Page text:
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The six defendants charged from Erie County include:

  • Peter J. Harding, 47, of Cheektowaga, who was arrested Jan. 14 on misdemeanor charges, including violent entry and disorderly conduct on Capitol grounds. He was released without bond. 
  • Thomas F. Sibick, 35, of Amherst, who was arrested March 12 on felony charges, including assaulting a Metropolitan Police officer. Sibick pleaded not guilty to the charges and remains in federal custody.
  • Daniel Warmus, 37, of Alden, who was arrested May 18 on misdemeanor charges, including violent entry and disorderly conduct on Capitol grounds. He was released without bond.
  • William M. Sywak, 45, of Hamburg, and his son, William J. Sywak, 27, of Arcade, in Wyoming County, who were arrested May 19 on misdemeanor charges, including knowingly entering a restricted building or grounds. Both men were released without bond.
  • Traci J. Sunstrum, 44, of Amherst, who was arrested May 19 on misdemeanor charges, including disorderly and disruptive conduct in a restricted building or grounds. She was released without bond.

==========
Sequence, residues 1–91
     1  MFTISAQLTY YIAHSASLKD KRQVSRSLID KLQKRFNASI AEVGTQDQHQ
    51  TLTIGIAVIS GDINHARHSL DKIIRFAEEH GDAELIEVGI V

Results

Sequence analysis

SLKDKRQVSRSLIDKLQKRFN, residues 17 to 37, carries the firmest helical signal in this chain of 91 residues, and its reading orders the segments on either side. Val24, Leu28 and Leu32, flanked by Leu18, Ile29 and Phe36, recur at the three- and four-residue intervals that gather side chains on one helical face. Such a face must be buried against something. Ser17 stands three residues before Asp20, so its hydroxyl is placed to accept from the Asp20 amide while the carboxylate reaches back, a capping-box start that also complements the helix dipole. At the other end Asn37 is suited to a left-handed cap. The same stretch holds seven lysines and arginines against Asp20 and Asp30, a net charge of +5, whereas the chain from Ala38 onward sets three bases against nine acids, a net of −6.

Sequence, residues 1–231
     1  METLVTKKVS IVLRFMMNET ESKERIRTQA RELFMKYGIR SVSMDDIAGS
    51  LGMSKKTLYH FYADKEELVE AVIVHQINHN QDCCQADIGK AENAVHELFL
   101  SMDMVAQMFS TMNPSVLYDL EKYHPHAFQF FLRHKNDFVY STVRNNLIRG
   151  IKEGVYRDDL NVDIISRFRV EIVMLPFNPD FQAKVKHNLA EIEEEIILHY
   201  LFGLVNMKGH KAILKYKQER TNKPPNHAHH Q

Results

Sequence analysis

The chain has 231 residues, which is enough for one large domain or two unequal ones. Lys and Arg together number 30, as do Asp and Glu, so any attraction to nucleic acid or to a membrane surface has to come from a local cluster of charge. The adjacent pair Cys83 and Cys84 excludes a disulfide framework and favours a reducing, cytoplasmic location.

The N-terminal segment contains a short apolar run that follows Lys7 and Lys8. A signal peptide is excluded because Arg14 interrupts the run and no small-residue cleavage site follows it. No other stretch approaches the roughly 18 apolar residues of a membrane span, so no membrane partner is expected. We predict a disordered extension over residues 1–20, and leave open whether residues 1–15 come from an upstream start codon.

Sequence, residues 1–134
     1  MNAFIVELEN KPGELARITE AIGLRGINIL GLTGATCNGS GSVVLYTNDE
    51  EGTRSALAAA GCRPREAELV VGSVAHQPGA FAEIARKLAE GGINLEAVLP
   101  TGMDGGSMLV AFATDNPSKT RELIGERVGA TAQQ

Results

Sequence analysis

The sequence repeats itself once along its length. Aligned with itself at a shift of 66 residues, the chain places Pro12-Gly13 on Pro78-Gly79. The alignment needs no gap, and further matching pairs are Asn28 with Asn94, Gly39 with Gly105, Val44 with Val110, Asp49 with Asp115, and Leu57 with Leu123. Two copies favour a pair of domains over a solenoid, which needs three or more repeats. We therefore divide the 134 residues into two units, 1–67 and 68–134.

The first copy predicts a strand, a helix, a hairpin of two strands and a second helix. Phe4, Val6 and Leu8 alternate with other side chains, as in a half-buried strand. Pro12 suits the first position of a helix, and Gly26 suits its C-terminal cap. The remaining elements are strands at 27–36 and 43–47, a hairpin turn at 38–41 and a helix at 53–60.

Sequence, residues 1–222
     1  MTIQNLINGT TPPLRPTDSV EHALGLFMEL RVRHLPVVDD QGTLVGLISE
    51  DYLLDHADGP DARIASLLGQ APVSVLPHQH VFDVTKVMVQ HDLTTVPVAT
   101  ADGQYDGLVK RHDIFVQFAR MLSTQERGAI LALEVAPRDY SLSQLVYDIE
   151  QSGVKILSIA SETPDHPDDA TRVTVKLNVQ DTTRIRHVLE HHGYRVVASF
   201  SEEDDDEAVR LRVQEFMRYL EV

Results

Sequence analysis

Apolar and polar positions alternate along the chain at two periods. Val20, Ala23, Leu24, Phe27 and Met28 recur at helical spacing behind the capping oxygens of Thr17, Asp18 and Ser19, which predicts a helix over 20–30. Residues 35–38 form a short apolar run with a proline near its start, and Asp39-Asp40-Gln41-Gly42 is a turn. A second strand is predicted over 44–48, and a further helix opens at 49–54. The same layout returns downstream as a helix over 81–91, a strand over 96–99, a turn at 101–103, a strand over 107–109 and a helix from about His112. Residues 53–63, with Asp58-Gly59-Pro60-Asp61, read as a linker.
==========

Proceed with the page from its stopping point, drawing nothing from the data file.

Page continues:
• John “Jack” Juran, 51, of Williamsville, who was arrested May 19 on misdemeanor charges, including violent entry and disorderly conduct on Capitol grounds. He was released without bond. 

At least 105 other Western New Yorkers traveled to Washington, D.C., on Jan. 6 in a bus trip organized by Jul Thompson, a local right-wing activist well known in Western New York with her husband, Rus, who did not travel to the capital. 

Rus Thompson said he supported turning out to the Jan. 6 rally held by former President Donald Trump, but not the storming of the Capitol.